Cookbook honours spouse’s memory and city of L’Aquila

When native Torontonian Maria Filice married book publisher Paul Piccone of New York in 1997, they honeymooned in L’Aquila, his hometown in the province of Abruzzo in northeast Italy.

Breaking Bread in L'Aquila by Maria Filice.

Breaking Bread in L'Aquila by Maria Filice.

When native Torontonian Maria Filice married book publisher Paul Piccone of New York in 1997, they honeymooned in L’Aquila, his hometown in the province of Abruzzo in northeast Italy.

The pair travelled frequently back to the region for what Filice calls “our time away from the world.

“I fell in love with his hometown. The region is very mountainous and the culture and history is just incredible,” she says.

In 2004, Piccone died of cancer. Then in April 2009, L’Aquila was hit with a devastating earthquake and Filice returned to the city to revisit and remember the people and flavours she found there.

This was the inspiration for her to honour her late husband and his birth city. The result is her first cookbook, Breaking Bread in L’Aquila (Food & Fate Publishing, hardcover).

During their visits to L’Aquila, Filice and her husband frequented San Biagio, “a small and charming trattoria owned by two brothers who knew how to make their customers happy through their warm and delicious food.”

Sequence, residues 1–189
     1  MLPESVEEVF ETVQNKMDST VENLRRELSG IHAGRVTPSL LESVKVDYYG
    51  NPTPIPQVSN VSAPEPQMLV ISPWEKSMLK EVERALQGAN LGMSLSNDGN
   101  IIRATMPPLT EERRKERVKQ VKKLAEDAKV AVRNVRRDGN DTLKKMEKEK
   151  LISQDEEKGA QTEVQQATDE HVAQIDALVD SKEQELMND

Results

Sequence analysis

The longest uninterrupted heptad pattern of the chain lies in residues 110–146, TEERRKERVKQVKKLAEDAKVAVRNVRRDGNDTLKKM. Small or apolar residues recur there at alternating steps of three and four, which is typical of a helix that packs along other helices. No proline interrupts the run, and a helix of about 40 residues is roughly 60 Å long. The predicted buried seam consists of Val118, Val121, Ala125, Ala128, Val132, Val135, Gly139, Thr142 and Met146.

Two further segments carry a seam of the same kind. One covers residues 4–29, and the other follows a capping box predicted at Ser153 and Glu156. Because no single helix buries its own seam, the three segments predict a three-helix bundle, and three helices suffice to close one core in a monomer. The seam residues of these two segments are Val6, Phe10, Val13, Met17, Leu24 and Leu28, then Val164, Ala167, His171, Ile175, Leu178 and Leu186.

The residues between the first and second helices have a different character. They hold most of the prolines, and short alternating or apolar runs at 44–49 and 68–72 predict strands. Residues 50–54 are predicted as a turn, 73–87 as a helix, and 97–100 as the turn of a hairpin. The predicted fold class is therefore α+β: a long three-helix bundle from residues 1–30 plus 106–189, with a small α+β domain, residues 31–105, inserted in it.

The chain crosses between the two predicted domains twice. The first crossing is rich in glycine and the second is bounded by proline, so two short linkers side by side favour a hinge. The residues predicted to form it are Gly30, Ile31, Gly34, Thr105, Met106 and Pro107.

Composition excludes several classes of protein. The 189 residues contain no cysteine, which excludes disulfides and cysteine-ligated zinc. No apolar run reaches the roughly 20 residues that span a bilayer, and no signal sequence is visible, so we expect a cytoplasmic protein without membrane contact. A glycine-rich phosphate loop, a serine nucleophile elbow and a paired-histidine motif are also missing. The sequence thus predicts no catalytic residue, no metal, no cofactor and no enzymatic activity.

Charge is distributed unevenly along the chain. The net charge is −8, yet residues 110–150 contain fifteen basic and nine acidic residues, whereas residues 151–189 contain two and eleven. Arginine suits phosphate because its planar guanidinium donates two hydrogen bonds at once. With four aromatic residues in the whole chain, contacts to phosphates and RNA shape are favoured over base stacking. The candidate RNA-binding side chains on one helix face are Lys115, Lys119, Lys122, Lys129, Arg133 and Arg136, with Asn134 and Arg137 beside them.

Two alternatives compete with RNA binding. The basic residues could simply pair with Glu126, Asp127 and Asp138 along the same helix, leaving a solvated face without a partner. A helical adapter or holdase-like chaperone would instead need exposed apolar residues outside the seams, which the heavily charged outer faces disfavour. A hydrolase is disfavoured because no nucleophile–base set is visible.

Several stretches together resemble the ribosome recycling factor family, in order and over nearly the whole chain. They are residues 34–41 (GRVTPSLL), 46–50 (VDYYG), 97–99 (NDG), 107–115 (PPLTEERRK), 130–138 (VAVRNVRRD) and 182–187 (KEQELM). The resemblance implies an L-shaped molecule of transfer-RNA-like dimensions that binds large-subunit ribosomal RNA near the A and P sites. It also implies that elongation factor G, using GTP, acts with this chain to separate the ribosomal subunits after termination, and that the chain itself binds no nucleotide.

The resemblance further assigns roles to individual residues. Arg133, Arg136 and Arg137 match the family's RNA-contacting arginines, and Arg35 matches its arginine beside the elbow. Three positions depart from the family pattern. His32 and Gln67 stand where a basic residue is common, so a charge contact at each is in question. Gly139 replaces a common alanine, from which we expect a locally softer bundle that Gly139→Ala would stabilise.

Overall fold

Consequently some of the recipes in the book are gleaned from those the couple sampled at the restaurant.

With her own background as a first-generation Canadian of parents who emigrated to this country from Calabria, Italy, Filice grew up watching her mother, grandmother and aunts as they prepared simple but delicious meals.

“Paul was a great cook himself and we cooked together and had many splendid dinner parties at our New York apartment,” she recalls.

With full colour photography by Carolyn Pulford, the book is organized according to the days of the week, with suggested wines from Abruzzo.

Filice has included a pantry suggestion list of Italian ingredients to have on hand for the 49 recipes.

Here from the book is her succulent recipe for roast chicken. “I especially like this one, because it sends the beautiful aroma of rosemary wafting through the house.”

Roast Chicken With

Rosemary and Garlic

1 chicken (1.5 to 1.8 kg/3 to 4 lb)

45 to 60 ml (3 to 4 tbsp) extra-virgin olive oil

3 cloves garlic, minced

45 ml (3 tbsp) fresh rosemary, chopped

15 ml (1 tbsp) coarse salt

1 ml (1/4 tsp) freshly ground black pepper

Preheat oven to 190 C (375 F).

In a small bowl, combine olive oil, garlic, rosemary, salt and pepper and mix well. Using a spoon (or your fingers), rub mixture under skin and outside of chicken until it’s well coated.

Place on a rack in a baking pan and bake until chicken is golden brown and cooked through, about 1 1/2 hours. Check chicken periodically and baste several times.

Let chicken sit for about 10 minutes before carving. Then cut into pieces and serve warm.

Makes 6 servings.t